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Hirotaka Hasegawa, Shunya Hanakita, Masahiro Shin, Mariko Kawashima, Taichi Kin, Wataru Takahashi, Yuichi Suzuki, Yuki Shinya, Hideaki Ono, Masaaki Shojima, Hirofumi Nakatomi, and Nobuhito Saito

OBJECTIVE

In Gamma Knife radiosurgery (GKS) for arteriovenous malformations (AVMs), CT angiography (CTA), MRI, and digital subtraction angiography (DSA) are generally used to define the nidus. Although the AVM angioarchitecture can be visualized with superior resolution using rotational angiography (RA), the efficacy of integrating RA into the GKS treatment planning process has not been elucidated.

METHODS

Using data collected from 25 consecutive patients with AVMs who were treated with GKS at the authors’ institution, two neurosurgeons independently created treatment plans for each patient before and after RA integration. For all patients, MR angiography, contrasted T1 imaging, CTA, DSA, and RA were performed before treatment. The prescription isodose volume before (PIVB) and after (PIVA) RA integration was measured. For reference purposes, a reference target volume (RTV) for each nidus was determined by two other physicians independent of the planning surgeons, and the RTV covered by the PIV (RTVPIV) was established. The undertreated volume ratio (UVR), overtreated volume ratio (OVR), and Paddick’s conformal index (CI), which were calculated as RTVPIV/RTV, RTVPIV/PIV, and (RTVPIV)2/(RTV × PIV), respectively, were measured by each neurosurgeon before and after RA integration, and the surgeons’ values at each point were averaged. Wilcoxon signed-rank tests were used to compare the values obtained before and after RA integration. The percentage change from before to after RA integration was calculated for the average UVR (%ΔUVRave), OVR (%ΔOVRave), and CI (%ΔCIave) in each patient, as ([value after RA integration]/[value before RA integration] − 1) × 100. The relationships between prior histories and these percentage change values were examined using Wilcoxon signed-rank tests.

RESULTS

The average values obtained by the two surgeons for the median UVR, OVR, and CI were 0.854, 0.445, and 0.367 before RA integration and 0.882, 0.478, and 0.463 after RA integration, respectively. All variables significantly improved after compared with before RA integration (UVR, p = 0.009; OVR, p < 0.001; CI, p < 0.001). Prior hemorrhage was significantly associated with larger %ΔOVRave (median 20.8% vs 7.2%; p = 0.023) and %ΔCIave (median 33.9% vs 13.8%; p = 0.014), but not %ΔUVRave (median 4.7% vs 4.0%; p = 0.449).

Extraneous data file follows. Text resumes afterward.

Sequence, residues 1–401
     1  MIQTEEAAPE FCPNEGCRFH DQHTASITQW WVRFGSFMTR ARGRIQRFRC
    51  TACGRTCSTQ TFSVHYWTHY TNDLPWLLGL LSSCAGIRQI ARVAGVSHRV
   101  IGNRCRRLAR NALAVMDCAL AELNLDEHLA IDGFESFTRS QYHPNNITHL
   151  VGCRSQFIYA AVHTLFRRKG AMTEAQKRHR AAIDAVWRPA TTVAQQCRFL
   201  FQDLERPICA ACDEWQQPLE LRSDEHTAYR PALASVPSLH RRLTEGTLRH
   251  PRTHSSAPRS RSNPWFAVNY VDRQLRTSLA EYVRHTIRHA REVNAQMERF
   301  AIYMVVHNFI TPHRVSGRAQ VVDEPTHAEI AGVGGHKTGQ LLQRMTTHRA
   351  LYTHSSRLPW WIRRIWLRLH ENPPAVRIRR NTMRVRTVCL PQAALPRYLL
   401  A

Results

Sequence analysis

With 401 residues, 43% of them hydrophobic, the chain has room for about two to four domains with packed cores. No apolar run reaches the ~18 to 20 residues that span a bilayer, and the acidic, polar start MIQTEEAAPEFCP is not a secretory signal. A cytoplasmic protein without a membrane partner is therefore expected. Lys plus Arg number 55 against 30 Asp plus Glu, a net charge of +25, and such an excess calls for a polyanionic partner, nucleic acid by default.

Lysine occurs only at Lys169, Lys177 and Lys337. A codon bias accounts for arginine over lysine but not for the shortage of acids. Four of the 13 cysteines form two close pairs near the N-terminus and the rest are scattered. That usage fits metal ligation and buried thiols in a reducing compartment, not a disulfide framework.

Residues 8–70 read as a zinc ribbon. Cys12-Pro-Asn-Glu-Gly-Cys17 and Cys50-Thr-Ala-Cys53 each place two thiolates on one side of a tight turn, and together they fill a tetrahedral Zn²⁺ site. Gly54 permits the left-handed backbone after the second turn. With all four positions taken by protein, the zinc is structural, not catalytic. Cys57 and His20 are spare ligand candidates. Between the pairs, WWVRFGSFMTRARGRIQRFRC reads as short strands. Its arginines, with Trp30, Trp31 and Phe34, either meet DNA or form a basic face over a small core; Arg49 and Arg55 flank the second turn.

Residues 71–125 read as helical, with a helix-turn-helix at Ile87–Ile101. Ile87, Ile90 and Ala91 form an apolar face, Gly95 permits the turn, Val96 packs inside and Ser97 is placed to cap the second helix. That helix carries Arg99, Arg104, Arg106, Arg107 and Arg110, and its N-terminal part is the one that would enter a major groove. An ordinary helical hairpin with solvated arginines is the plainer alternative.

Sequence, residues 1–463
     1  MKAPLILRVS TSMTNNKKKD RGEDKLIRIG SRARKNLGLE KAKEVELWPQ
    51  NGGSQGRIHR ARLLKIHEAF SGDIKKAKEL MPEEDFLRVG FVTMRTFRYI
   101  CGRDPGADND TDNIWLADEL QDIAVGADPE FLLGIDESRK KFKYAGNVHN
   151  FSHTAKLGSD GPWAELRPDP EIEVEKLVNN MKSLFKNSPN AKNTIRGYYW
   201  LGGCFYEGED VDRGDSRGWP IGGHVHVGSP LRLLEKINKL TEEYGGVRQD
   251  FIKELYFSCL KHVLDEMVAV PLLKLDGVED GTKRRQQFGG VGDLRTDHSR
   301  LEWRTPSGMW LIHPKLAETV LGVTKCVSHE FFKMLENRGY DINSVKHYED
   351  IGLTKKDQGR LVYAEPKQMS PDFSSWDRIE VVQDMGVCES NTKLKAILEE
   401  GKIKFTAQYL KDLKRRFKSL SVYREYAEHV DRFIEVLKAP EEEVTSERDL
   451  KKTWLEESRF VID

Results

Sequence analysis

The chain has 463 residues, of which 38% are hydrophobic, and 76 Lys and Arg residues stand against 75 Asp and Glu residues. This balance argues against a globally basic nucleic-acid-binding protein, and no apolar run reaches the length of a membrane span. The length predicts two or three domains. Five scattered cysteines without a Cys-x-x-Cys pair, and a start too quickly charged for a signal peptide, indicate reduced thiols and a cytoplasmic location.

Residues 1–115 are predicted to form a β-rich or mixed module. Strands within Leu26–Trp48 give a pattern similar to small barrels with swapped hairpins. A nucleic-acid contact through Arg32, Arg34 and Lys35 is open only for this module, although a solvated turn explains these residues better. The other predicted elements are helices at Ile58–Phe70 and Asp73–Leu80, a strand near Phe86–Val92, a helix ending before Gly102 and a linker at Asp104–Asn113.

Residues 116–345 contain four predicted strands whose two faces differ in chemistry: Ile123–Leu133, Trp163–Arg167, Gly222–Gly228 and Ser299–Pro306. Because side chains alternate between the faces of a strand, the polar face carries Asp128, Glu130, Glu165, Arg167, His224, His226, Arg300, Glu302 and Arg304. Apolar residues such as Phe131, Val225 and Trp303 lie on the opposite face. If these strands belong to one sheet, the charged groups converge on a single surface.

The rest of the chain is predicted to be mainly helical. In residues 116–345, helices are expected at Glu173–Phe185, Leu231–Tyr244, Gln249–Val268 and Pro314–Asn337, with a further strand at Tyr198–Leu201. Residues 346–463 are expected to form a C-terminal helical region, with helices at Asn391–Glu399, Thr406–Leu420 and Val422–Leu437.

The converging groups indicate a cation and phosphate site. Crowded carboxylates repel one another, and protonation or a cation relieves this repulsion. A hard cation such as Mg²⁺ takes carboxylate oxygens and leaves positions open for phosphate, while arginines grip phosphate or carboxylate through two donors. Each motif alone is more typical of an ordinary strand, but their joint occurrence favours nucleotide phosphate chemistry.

CONCLUSIONS

Integrating RA into GKS treatment planning may permit better dose planning owing to clearer visualization of the nidus and, as such, may reduce undertreatment and waste irradiation. Further studies examining whether the observed RA-related improvement in dose planning also improves the radiosurgical outcome are needed.

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Mariko Kawashima, Hirotaka Hasegawa, Masahiro Shin, Yuki Shinya, Osamu Ishikawa, Satoshi Koizumi, Atsuto Katano, Hirofumi Nakatomi, and Nobuhito Saito

OBJECTIVE

The major concern about ruptured arteriovenous malformations (rAVMs) is recurrent hemorrhage, which tends to preclude stereotactic radiosurgery (SRS) as a therapeutic modality for these brain malformations. In this study, the authors aimed to clarify the role of SRS for rAVM as a stand-alone modality and an adjunct for a remnant nidus after surgery or embolization.

METHODS

Data on 410 consecutive patients with rAVMs treated with SRS were analyzed. The patients were classified into groups, according to prior interventions: SRS-alone, surgery and SRS (Surg-SRS), and embolization and SRS (Embol-SRS) groups. The outcomes of the SRS-alone group were analyzed in comparison with those of the other two groups.

RESULTS

The obliteration rate was higher in the Surg-SRS group than in the SRS-alone group (5-year cumulative rate 97% vs 79%, p < 0.001), whereas no significant difference was observed between the Embol-SRS and SRS-alone groups. Prior resection (HR 1.78, 95% CI 1.30–2.43, p < 0.001), a maximum AVM diameter ≤ 20 mm (HR 1.81, 95% CI 1.43–2.30, p < 0.001), and a prescription dose ≥ 20 Gy (HR 2.04, 95% CI 1.28–3.27, p = 0.003) were associated with a better obliteration rate, as demonstrated by multivariate Cox proportional hazards analyses. In the SRS-alone group, the annual post-SRS hemorrhage rates were 1.5% within 5 years and 0.2% thereafter and the 10-year significant neurological event–free rate was 95%; no intergroup difference was observed in either outcome. The exclusive performance of SRS (SRS alone) was not a risk for post-SRS hemorrhage or for significant neurological events based on multivariate analyses. These results were also confirmed with propensity score–matched analyses.

CONCLUSIONS

The treatment strategy for rAVMs should be tailored with due consideration of multiple factors associated with the patients. Stand-alone SRS is effective for hemorrhagic AVMs, and the risk of post-SRS hemorrhage was low. SRS can also be favorably used for residual AVMs after initial interventions, especially after failed resection.